Luther Khachigian, a politically influential central San Joaquin Valley farmer who advocated agricultural-friendly policies, died at 87 years old (photo courtesy Khachigian family)

Luther Khachigian, San Joaquin Valley Farmer with Strong Political Ties, Has Died

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By Bryant-Jon Anteola

FRESNO, Calif. (Fresno Bee) — Luther Khachigian, a politically influential central San Joaquin Valley farmer who advocated agricultural-friendly policies, died late last month. He was 87 years old when he passed away June 20. With strong political ties dating to President Richard Nixon’s tenure, Khachigian often fought for farmer-friendly policies with a no-hold-back approach. And he solely backed politicians who, too, were advocates of the agriculture industry. To those who weren’t farmer friendly in Khachigian’s eyes, he had no issue confronting such opposition even if he came off as brash. “I’m mean-spirited,” Khachigian admitted to the Bee in 1996. Four years prior, Khachigian organized a protest in Visalia and criticized then-Democratic Senate candidate Dianne Feinstein in person for what he perceived as her “lack of respect” for agriculture.

How It Began, Who Benefited

While Khachigian didn’t mind upsetting others, he usually only did so while fighting for farming. It was his passion, which was heavily influenced by being born on his family’s 60-acre grape and walnut farm in Visalia. Specifically, Khachigian was a grape grower and farmed in the 330,000-acre Kaweah Delta Water Conservation District. He also excelled as a businessman, which led to a lucrative career that allowed Khachigian to financially support politicians as well as generously donate to various charities and organizations through the years.

Then Cal-Western Nurseries CEO Luther Khachigian, left, with the group’s president Jesus Gutierrez (photo Darrell Wong, Fresno Bee file)

In 1999, Khachigian donated a 1979 Rolls Royce Silver Shadow II for auctioning to benefit the Armenian Community School of Fresno. Khachigian also helped start a grape nursery in Armenia with the Armenia Technology Group. In addition, he contributed to ongoing support of the Armenian Eyecare Project and the underwriting of the John Ohannes Khachigian Regional Eye Center in Gyumri, Armenia, that provides quality eye care access in that remote region.

Political Outspokenness

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Perhaps Khachigian’s most influential time with politics occurred during the 1980s while backing and co-chairing the San Joaquin Valley for California Governor George Deukmejian’s winning campaigns in 1982 and 1986.

A decade later, Khachigian continued to publicly support farmer-friendly politicians. He even tried to persuade then-Gov. Pete Wilson not to run for president and instead continue to focus on California. “Governor Wilson has been a farmer-friendly governor,” Khachigian said then. “We don’t want Gray Davis appointing the state’s secretary of agriculture.”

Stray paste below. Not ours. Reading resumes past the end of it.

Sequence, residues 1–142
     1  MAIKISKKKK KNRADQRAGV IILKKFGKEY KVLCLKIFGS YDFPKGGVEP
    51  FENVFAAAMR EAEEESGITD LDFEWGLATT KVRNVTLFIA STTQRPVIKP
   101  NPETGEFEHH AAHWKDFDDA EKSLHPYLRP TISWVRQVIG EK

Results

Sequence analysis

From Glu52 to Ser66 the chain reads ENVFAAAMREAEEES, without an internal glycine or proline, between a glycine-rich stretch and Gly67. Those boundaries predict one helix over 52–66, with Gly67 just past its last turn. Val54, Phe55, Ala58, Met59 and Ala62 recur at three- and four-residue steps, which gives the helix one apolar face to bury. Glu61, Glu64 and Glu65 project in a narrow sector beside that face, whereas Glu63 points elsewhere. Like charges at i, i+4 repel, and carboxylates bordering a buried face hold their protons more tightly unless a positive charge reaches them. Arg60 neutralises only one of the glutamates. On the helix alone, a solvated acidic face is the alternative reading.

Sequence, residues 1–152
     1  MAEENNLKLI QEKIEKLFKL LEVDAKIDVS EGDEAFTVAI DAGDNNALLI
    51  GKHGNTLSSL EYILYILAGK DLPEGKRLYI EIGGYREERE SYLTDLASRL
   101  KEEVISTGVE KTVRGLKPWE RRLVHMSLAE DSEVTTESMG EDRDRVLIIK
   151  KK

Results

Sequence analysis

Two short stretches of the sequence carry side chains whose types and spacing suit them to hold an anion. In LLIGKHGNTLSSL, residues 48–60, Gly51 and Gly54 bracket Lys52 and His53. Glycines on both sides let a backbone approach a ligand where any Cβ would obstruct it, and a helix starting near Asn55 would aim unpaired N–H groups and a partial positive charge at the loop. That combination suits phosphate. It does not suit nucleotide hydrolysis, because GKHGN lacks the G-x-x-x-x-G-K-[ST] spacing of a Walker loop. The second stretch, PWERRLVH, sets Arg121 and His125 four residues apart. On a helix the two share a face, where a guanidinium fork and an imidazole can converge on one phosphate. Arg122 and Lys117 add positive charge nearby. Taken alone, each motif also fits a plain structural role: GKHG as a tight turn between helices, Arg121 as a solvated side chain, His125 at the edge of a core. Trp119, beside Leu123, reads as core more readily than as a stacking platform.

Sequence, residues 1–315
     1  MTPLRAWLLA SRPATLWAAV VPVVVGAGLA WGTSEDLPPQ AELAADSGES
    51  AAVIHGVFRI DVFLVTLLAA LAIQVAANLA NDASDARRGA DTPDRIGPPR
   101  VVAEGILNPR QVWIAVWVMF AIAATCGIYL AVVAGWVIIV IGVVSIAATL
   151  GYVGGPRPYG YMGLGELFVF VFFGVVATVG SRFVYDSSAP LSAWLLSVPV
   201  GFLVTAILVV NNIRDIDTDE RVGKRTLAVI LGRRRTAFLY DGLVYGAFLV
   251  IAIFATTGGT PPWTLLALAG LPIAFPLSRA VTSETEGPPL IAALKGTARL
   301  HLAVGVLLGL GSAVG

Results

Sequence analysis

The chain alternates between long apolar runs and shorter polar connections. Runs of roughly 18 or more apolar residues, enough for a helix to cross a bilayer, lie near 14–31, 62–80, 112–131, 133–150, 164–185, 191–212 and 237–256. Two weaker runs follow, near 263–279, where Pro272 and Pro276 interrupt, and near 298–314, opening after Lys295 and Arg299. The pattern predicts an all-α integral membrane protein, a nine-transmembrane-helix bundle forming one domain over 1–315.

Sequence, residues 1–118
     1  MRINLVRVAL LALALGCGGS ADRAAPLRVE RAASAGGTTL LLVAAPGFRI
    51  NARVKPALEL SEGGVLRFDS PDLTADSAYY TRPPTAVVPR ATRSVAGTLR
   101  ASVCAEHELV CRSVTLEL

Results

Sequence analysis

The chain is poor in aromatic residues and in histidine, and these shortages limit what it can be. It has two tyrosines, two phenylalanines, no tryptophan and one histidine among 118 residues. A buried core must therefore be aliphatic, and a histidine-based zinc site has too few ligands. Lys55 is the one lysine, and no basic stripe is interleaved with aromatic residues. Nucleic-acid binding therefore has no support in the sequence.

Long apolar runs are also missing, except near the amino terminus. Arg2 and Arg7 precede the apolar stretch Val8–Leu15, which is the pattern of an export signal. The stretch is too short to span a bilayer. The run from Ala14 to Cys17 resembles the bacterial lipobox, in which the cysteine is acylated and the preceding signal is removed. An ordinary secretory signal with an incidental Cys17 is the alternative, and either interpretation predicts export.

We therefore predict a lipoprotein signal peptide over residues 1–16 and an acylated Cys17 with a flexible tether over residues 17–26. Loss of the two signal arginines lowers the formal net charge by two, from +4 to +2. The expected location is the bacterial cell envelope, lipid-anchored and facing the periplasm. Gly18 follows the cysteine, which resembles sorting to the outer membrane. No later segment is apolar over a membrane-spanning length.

Though he endorsed primarily conservative views, Khachigian didn’t hold back against those he disagreed with. Khachigian once spoke against a then 23-year-old Devin Nunes as the young politician pursued a seat on the College of Sequoias Board of Trustees. Khachigian, who supported Nunes’ opponent, harshly criticized Nunes as being too young and inexperienced for the post. But when Nunes resoundingly won the election for the board of trustee seat, Khachigian pivoted to embrace Nunes, who managed his family’s dairy business in Pixley at the time and would go on to become a US representative.

“We’ll welcome him on board,” Khachigian said of Nunes in 1996. “He’s one of us. He’s a Republican, he’s a conservative, he’s an agriculturalist.”

Khachigian also made sure to speak up whenever he thought government was overreaching, and continued to do even as he approached his 80s. “They deserve to be sued,” Khachigian said in 2012 of the US Department of Agriculture and the California Table Grape Commission over grapevine patents. “They don’t belong in the nursery business … They’re interfering in a business they don’t know anything about.”

Impacting Others

Among those Khachigian helped influenced in politics and help implement farm-friendly policies was his youngest brother Ken. A San Clemente lawyer, Ken Khachigian would go on to be named a top adviser to Bob Dole’s presidential campaign in 1996. Ken also was a senior adviser, media consultant, strategist and writer for the successful Reagan-Bush and Bush-Quayle campaigns.

“He’s not mean-spirited,” Luther Khachigian of his youngest brother then. “I’m mean-spirited …

“I have a close relationship with my baby brother. We’re sons of an Armenian immigrant who didn’t even know where Harvard was.”

Luther Khachigian was predeceased by his wife of 52 years, Glenda L. Khachigian. Together the couple raised five children — Grant, Denise, Teresa, Elizabeth and Luther II. Khachigian is survived by his brother Ken and sister-in-law Meredith, his son Luther Khachigian II and daughter-in-law Tracy, and his fiancée Claudette Mekalian.

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